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Dreamcast Shooter Sturmwind Heading To Nintendo Switch

Another day, another Dreamcast-related shooter pops up on the Nintendo Switch eShop. This time, coming absolutely out of nowhere, it's Duranik's much-loved Sturmwind. Sturmwind hit the Dreamcast way back in 2013 after initially starting life as a project for the Atari Jaguar CD titled Native - indeed, there are fleeting references to Atari's maligned system hidden throughout Sturmwind.
Following the likes of Ikaruga, Zero Gunner 2 and Gunbird 2, Sturmwind EX for Nintendo Switch looks to be something of a 'remaster,' with improved screen resolution and totally redrawn graphical assets. The Nintendo Switch version will run at 1080p (docked) and at 60fps, while the upcoming Xbox One version will be full 4K, according to Duranik.

Though Sturmwind was originally released back in 2013, it was given a re-release in 2016 on Dreamcast and time has been kind - it's still as much of a blast to play now in 2019 as it was back when it first came out. This new Switch port has been handled by Duranik and is published by b-alive GmbH - the same outfit which published the recently released Steam version, as well as such gaming behemoths as Equimagic: Gala Show of Horses and Farm World. Hmmm.

Sturmwind EX features ripped directly from the Nintendo website (although I've removed the multiple typos and added some punctuation):

In Sturmwind EX you can play mission mode with all 16 levels, saving your progress with every finished level, or play arcade mode with 6 levels and no continues. Other features include:
  • 2 different game modes: mission mode and arcade mode
  • 16 Levels
  • 3 difficulty levels
  • Different weapons selectable
  • Upgradeable weapons, drones and different weapon-/drone-formations
  • Additional super weapons like super beam and smart bombs
  • More than 20 large boss enemies
  • Hundreds of different enemies
  • Achievements, Highscore and Level statistics
  • Customizable user interface
We've covered Sturmwind here at The Dreamcast Junkyard multiple times, and even interviewed Johannes Graf, the man behind Duranik a few years ago, so it's pretty safe to assume we're pretty big fans of the indie shooter.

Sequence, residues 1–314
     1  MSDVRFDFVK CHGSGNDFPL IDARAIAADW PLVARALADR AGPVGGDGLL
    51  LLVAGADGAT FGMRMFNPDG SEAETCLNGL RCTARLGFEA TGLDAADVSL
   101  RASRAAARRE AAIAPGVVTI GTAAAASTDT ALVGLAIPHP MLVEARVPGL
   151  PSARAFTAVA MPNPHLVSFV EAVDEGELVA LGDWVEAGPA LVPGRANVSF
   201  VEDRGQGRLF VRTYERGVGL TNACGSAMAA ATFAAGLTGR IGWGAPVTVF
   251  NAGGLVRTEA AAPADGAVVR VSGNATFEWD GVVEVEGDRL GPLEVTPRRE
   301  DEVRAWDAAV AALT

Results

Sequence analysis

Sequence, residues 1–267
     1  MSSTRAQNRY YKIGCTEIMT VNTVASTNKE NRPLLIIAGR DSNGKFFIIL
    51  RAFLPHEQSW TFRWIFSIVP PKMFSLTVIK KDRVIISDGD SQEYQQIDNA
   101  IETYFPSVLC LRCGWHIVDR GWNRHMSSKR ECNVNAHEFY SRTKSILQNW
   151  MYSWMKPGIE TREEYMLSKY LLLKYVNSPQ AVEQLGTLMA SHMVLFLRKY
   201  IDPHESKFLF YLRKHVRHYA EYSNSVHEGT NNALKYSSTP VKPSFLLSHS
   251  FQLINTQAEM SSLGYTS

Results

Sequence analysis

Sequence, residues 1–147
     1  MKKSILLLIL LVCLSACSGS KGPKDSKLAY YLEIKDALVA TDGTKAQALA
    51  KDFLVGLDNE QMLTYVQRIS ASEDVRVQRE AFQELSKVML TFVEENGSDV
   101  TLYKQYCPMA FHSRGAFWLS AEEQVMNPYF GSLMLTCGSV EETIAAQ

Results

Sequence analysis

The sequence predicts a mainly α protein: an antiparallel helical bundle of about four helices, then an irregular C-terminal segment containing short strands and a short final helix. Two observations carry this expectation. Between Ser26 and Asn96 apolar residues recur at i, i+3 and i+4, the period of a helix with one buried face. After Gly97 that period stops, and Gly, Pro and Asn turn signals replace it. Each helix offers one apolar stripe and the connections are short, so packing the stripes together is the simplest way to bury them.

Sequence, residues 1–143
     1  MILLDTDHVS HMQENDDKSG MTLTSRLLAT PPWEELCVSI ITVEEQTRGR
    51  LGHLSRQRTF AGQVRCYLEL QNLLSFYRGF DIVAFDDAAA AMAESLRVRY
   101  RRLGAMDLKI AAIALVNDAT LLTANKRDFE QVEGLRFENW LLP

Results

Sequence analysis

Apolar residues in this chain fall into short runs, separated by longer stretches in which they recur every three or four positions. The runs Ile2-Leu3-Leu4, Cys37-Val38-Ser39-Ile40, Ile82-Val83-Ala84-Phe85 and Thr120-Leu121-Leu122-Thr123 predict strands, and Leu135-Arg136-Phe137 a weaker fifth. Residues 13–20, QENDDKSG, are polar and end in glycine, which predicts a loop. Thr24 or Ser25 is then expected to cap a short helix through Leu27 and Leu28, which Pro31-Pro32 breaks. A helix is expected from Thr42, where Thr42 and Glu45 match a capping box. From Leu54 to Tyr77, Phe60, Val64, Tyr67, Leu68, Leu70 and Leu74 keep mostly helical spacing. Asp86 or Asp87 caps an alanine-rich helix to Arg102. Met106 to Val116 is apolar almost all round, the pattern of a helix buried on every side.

Sturmwind EX releases on Nintendo Switch on Friday 8 November 2019 and is priced at £11.69. No word on a physical release yet, but we'll be sure to give it the same Dreamcast/Switch comparison treatment as we did with Ikaruga, Gunbird 2 and Zero Gunner 2.

Related articles:

Bleemcasting: An Interview With Bleemcast! Developer Randy Linden

As the amount of online articles and Tweets around the recent anniversary of the North American 9.9.99 release date illustrates, the Dreamcast is still very fondly remembered. While the scene continues to grow at a steady rate in terms of bootleg and independent game development, there are still a fascinating number of Dreamcast areas that remain either untouched or that haven't had their rich historical veins fully exposed. One of those areas that myself and others in Dreamcast fandom are fascinated by is the story of bleemcast!.
A bit of a throw forward, I have another article in the works about ‘Why I Dreamcast’ even though it’s fast approaching 2020; and a large part of that is a deeply personal and nostalgia-fuelled longing and sense of clinging to a certain place in time. The Dreamcast, as much as I love it, and despite my role here at The Dreamcast Junkyard is a console I am wilfully ignorant on compared to the other staff members. The main reason for this is that I had only owned the console for a mere 8 months when I packed up and left home for the bright lights of university. The console, therefore, existed for me during a stage of enforced self poverty. New (well, pre-owned) games I still managed to justify occasionally, but instant noodles and supermarket value bread were prioritised over games magazines; and the internet was something I went to the library to check for roughly 1 hour a week when hungover and between lectures (and even then was mainly to email friends who had gone to other universities...and nearly almost always simply to tell them how hungover I was). Anyway, what I am trying to paint a picture of is that my finger during the 2000-2004 era was hardly on the pulse of information about anything...let alone Dreamcast.


So for me, I didn’t learn about bleemcast! until way after the events of the Dreamcast had long transpired, and it was years later still that I actually discovered this had been an actual retail product, and wasn’t like my copy of DreamSnes that had been created and uploaded from some shed somewhere. This was instead a full-fledged and commercially available product release promoting legal emulation that allowed you to load PlayStation game discs on the Dreamcast, adding a load of graphical improvements along the way.
What all this leads up to then, is that I tracked down Randy Linden, a member of the original PC bleem! and Dreamcast bleemcast! team. I fired off some questions and Randy was kind enough to answer. Hopefully you will enjoy reading them as much I did, and will give an interesting insight into the development of one of the most notorious releases on the Dreamcast...